Federal Judge Tosses SALT CAP Lawsuit

A federal judge has tossed lawsuit by New York and other states against the $10,000 cap on state and local tax deductions in a move that upheld a key provision of the federal government’s 2017 tax law.

Gov. Andrew Cuomo has railed against the cap on the cap on deductions, arguing the measure was meant to harm higher tax states like New York, where taxpayers could deduct their state and local taxes from their federal income tax.

The cap, however, limited those deductions to $10,000 — a move state officials worried would send wealthier New Yorkers to states where taxes are not as high.

The multiple states challenging the SALT cap argued the move unfairly singled out Democratic states where taxes are higher and questioned the constitutionality of the cap.

Federal Judge Paul Oetekn, however, reaffirmed the cap as part of Congress’s “broad powers” to write and pass tax legislation under the Constitution.

The cap, like any federal tax provision, will affect some taxpayers more than others and, by extension, will affect some states more than others,” the judge wrote in his ruling. “But the cap, again like every other feature of the federal Tax Code, is a part of the landscape of federal law within which states make their decisions as to how they will exercise their own sovereign tax powers.”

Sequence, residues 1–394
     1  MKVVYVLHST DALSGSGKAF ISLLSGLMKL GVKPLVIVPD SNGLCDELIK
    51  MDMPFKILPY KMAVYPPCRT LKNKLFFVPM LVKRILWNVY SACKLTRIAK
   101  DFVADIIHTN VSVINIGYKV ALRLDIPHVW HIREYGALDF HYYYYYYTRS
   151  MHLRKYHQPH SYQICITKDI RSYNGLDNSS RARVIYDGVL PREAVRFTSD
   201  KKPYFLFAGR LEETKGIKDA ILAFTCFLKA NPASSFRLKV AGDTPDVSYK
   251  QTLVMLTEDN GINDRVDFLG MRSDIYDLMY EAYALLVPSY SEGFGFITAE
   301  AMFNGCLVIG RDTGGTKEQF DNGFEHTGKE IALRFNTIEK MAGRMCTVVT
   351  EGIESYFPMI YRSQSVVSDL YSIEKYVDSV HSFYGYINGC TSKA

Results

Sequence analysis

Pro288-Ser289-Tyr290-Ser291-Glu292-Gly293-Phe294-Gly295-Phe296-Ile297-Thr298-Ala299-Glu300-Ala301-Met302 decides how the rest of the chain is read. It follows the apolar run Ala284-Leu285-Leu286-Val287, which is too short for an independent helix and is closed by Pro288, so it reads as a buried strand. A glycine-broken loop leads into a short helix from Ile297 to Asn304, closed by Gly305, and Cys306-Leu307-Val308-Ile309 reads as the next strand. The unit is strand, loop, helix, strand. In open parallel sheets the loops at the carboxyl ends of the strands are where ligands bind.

He added that states challenging the cap have failed to show it restrains their “decision-making process” and had “no basis for concluding that the SALT cap is unconstitutionally coercive.”

Updated: In a statement, Cuomo left open the possibility of an appeal.

“There is no doubt in my mind that President Trump’s unfair tax policy targets New York and other blue states by funding tax cuts for corporations and the rich on the backs of New Yorkers,” Cuomo said. “New York is already the largest ‘donor state’ in the nation – paying the federal government $36 billion more than we get back every year. The SALT cap takes this gross imbalance and supercharges it, costing New Yorkers another $15 billion each year.

“The bottom line is this policy is unprecedented, unlawful, punitive and politically motivated – and it must be stopped. We disagree with the court’s decision and are evaluating all options including appeal.”

State of New York Et Al v Mnuchin Et Al by Nick Reisman on Scribd

New York State Bar Association Says It Can’t Investigate Giuliani

The New York State Bar Association in a statement Friday afternoon rebuffed a call from Democratic presidential candidate Kamala Harris that it investigate former New York City Mayor Rudy Giuliani and possibly disbar him.